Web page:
A hui of 14 contractors, developers and the Great Aloha Run donated a total of $260,000 in two days to create three food distribution sites on Oahu this month to try to keep up with the ongoing demand for food amid the COVID-19 pandemic.
There was never any question about builders chipping in, said Randy Hiraki, president of Kalihi-based Commercial Plumbing Inc.
The Hawaii Foodbank already has 33 food drives planned across Oahu this month. But the push to add three events driven by the private sector came from Mayor Kirk Caldwell and businessman Duane Kurisu, who — among other efforts — spearheaded the successful Kahauiki Village near Sand Island on North Nimitz Highway for formerly homeless families.
Getting pledges from other contractors and developers to donate money and manpower for three new food drives during the COVID-19 pandemic “was really easy to do once we mentioned the cause and our appreciation that the mayor kept construction essential and we all got to keep working,” Hiraki said. “What Duane has done for the community and for Hawaii is just amazing. We couldn’t say no.”
The new distribution sites will be focused on providing food to rural parts of Oahu on the leeward and windward sides and on the North Shore. Unlike other food distribution locations, the new ones are only for residents who live around each site. Everyone must register in advance at hawaiifoodbank.org to receive a number that will be required to receive food. No walk-ins will be allowed.
Times and locations are:
>> 9 a.m. to 1 p.m. Saturday at Windward Community College for 1,000 windward households from Waimanalo to Kualoa who live in the 96795, 96734 and 96744 ZIP codes.
>> 9 a.m. to 2 p.m. July 18 at Waianae Mall for 1,500 leeward households from Waipahu to Kaena Point who live in the 96797, 96706, 96707 and 96792 ZIP codes.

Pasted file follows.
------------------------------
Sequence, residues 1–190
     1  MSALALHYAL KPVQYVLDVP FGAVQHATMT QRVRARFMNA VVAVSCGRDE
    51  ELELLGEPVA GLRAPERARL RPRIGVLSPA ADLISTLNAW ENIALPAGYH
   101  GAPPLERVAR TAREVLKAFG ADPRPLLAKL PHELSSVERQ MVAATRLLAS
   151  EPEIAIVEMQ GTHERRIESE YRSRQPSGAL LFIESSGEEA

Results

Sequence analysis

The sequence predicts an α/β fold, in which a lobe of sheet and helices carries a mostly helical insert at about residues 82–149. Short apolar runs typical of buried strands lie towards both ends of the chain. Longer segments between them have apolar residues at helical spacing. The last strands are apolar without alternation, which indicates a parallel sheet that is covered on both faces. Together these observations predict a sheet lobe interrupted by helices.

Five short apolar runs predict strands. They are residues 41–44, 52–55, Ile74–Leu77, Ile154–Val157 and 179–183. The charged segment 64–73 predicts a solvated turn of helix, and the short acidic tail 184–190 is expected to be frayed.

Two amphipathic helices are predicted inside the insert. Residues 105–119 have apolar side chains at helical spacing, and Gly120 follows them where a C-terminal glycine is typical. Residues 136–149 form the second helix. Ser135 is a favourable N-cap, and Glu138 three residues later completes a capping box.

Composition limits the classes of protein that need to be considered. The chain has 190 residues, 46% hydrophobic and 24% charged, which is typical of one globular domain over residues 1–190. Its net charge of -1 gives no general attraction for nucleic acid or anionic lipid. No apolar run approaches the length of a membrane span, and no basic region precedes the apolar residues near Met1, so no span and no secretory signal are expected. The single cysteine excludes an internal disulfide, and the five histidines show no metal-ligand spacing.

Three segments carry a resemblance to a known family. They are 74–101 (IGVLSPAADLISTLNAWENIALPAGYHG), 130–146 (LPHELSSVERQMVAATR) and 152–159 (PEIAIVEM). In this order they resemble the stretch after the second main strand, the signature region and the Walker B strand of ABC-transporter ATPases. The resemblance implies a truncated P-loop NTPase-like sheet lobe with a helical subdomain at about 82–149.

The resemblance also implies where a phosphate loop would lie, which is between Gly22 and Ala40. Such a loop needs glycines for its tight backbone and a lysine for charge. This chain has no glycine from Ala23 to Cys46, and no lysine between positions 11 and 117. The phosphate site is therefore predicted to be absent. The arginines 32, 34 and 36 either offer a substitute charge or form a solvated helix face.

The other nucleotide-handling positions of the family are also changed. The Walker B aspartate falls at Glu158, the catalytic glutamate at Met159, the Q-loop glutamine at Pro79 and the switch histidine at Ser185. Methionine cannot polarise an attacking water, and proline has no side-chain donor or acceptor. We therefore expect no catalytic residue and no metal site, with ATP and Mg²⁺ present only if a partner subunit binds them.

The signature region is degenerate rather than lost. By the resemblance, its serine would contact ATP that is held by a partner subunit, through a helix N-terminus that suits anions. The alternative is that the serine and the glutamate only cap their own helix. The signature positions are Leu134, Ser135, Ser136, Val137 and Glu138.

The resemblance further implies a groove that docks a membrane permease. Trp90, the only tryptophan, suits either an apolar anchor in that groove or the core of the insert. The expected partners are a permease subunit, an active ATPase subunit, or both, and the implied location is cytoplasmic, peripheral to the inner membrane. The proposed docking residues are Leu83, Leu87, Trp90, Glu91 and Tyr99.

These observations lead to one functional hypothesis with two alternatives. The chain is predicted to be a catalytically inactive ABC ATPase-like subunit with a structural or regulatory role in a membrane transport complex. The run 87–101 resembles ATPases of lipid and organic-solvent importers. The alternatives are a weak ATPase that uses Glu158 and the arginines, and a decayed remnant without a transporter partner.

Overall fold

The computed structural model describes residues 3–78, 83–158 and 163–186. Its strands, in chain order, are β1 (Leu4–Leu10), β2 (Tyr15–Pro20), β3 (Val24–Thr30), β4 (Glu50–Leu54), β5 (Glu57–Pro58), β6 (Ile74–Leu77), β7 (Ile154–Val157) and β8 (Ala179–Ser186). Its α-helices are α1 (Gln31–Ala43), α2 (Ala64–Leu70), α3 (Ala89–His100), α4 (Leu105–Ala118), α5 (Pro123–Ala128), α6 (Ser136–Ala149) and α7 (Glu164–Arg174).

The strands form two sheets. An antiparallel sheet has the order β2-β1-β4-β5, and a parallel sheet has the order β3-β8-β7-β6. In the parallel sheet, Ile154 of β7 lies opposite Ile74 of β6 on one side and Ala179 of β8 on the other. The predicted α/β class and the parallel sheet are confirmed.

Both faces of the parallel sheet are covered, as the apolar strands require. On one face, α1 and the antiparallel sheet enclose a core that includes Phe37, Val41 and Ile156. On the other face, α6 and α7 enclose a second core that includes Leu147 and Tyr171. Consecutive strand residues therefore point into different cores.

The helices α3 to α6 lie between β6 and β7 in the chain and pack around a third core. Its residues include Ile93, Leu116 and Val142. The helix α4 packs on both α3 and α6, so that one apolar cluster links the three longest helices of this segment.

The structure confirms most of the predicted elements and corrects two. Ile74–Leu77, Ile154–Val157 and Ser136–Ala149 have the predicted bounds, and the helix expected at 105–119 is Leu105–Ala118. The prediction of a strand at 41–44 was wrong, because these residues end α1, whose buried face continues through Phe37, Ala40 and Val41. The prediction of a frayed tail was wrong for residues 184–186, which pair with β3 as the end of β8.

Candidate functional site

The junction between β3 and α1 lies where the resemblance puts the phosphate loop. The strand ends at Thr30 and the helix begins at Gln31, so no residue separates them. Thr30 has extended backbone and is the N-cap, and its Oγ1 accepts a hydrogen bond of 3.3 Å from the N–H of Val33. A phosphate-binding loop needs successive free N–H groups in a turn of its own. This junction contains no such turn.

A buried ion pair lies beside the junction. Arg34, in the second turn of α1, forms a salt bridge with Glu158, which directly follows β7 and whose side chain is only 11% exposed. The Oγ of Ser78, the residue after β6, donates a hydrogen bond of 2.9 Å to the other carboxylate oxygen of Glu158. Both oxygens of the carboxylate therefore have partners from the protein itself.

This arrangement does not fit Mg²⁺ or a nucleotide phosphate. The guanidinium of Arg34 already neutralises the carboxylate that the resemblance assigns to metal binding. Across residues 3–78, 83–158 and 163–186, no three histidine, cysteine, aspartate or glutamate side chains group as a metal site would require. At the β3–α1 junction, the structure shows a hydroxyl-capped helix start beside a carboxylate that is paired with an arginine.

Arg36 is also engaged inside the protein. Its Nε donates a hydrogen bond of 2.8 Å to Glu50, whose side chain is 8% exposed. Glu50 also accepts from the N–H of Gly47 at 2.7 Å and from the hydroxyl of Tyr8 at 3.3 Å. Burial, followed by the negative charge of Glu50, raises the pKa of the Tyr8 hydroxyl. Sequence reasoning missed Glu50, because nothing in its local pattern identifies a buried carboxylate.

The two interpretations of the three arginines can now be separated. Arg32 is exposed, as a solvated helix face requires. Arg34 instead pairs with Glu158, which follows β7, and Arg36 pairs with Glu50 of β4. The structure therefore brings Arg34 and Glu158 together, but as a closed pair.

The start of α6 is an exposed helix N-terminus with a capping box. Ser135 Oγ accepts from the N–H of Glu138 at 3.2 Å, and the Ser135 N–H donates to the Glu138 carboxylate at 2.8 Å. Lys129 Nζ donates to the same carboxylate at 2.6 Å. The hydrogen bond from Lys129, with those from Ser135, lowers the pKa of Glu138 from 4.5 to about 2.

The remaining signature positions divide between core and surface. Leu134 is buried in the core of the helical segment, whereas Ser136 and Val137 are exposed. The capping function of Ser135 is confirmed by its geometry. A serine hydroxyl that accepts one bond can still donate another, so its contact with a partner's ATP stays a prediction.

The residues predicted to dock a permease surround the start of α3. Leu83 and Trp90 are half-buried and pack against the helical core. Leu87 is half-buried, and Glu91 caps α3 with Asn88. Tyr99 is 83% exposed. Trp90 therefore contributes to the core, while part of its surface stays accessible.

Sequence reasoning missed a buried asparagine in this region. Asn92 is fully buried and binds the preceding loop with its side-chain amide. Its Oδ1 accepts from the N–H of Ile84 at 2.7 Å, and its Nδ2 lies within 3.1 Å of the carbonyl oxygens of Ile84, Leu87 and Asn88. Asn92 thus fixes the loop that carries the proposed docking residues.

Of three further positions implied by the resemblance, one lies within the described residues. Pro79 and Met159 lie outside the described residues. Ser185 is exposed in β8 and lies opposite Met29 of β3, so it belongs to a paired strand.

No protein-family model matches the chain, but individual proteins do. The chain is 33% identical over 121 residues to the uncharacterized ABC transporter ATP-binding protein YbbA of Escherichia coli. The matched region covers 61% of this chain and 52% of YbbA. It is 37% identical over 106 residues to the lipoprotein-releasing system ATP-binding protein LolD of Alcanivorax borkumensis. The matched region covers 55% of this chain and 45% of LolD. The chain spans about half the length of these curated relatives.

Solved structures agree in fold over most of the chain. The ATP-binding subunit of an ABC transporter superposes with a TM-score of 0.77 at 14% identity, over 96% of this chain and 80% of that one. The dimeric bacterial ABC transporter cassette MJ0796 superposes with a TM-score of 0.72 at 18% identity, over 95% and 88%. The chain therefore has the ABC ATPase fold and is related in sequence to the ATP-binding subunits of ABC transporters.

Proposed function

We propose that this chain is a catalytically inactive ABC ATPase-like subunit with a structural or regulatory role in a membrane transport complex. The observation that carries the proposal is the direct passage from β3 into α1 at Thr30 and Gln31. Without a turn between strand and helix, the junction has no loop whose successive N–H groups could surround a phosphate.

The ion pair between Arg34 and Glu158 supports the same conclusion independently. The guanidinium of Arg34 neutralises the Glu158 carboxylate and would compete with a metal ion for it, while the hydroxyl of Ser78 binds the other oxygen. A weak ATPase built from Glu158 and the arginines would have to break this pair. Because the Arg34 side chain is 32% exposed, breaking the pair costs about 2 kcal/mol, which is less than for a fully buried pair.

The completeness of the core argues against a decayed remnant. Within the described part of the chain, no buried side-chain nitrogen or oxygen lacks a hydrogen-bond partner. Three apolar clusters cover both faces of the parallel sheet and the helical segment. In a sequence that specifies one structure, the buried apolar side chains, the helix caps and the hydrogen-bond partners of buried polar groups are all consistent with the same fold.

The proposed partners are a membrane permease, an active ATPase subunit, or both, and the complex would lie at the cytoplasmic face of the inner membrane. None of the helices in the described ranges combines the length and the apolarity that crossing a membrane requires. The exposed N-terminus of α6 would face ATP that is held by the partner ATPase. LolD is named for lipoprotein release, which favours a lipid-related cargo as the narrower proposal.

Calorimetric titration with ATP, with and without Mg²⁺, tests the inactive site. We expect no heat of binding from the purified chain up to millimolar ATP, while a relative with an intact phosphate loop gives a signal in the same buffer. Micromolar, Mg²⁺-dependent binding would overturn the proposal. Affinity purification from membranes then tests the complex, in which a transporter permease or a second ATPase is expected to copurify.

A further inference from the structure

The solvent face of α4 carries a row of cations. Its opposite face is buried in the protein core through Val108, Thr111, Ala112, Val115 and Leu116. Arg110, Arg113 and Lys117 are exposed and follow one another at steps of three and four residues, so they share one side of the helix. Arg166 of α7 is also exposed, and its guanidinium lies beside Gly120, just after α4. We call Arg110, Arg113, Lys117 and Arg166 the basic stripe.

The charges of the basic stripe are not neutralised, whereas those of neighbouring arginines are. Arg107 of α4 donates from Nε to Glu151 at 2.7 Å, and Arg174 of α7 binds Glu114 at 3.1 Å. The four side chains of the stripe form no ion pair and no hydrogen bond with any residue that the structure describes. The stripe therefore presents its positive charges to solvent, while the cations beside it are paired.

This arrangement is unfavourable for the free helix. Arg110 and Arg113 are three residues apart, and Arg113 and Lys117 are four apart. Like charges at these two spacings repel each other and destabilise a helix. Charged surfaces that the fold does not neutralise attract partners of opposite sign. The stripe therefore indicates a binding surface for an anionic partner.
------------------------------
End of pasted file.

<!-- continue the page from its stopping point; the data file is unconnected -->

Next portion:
>> 10 a.m. to 1 p.m. July 25 at the Polynesian Cultural Center for 750 North Shore households in the 96730, 96717, 96762, 96731, 96712 and 96791 ZIP codes.
The upcoming food drives follow a June 30 donation of $75,000 that City Mill made to the Hawaii Foodbank, which included customer donations.
City Mill’s “Spare Change” program encouraged customers to round up their purchases to the nearest dollar and donate the change to the Hawaii Foodbank. The campaign ran at City Mill stores from April 20 to June 21 and 100% of the proceeds were donated.
The issue of food insecurity is “getting closer to home” for friends and family of some of Hiraki’s employees and competitors.
“So as far as getting volunteers to help, it was no problem,” he said. “People are just very, very, very appreciative to give back.”
Hiraki said the Hawaii Foodbank also asked for volunteers and there was no problem getting commitments from 60 to 70 employees to lend a hand at each of the three upcoming sites.
Hiraki, who plans to volunteer at all three locations, said the efforts by his fellow contractors and developers shows that any island industry can gather its forces to generate donations and volunteers.
“We’re grateful for this private-sector partnership between the construction, development and other industries that will help feed Hawaii’s families during this unprecedented time,” Hawaii Foodbank President and CEO Ron Mizutani said in a statement.
“While Hawaii Foodbank distributed more than 2.1 million pounds of food in 11 mass food distributions in April, May and June, and reached an estimated 40,000 households and 150,000 people, we felt it was extremely important to find more ways to reach families in rural areas. We believe implementing a pre-registration process for specific ZIP codes will ensure families who live in these communities and need assistance will receive it. We also believe this will help reduce traffic in the areas being served.”
Surveys at recent food drives have shown that 78% to 83% of food recipients were unemployed or furloughed because of COVID-19, Mizutani said.
In a statement to the Honolulu Star-Advertiser, Kurisu, chairman of the Hawaii Executive Collaborative and founder of aio Group, said, “We are fortunate that many of the people in the construction business, led by Randy Hiraki and Dexter Kubota, have stepped up to the call. To help support those that need help.
“What is special is about their humility to serve, especially because many of those in need are those who have never been in this situation before.
“For some it’s shame, but you know we all would do whatever we need to do to feed our children.”
Kurisu ended by saying that he hopes the efforts of the construction and development industries becomes “an example for others who have the resources to do so to step up and help those who are less fortunate in these trying times.”